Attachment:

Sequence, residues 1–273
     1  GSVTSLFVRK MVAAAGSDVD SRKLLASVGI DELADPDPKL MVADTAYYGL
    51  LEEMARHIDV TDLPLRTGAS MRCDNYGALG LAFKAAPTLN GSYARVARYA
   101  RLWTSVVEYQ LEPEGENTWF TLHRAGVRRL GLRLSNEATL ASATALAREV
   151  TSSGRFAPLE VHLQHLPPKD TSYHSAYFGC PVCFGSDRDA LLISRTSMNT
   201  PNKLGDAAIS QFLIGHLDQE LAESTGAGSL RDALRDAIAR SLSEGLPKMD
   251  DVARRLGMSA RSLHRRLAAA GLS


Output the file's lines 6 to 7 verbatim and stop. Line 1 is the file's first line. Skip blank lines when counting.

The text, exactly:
   201  PNKLGDAAIS QFLIGHLDQE LAESTGAGSL RDALRDAIAR SLSEGLPKMD
   251  DVARRLGMSA RSLHRRLAAA GLS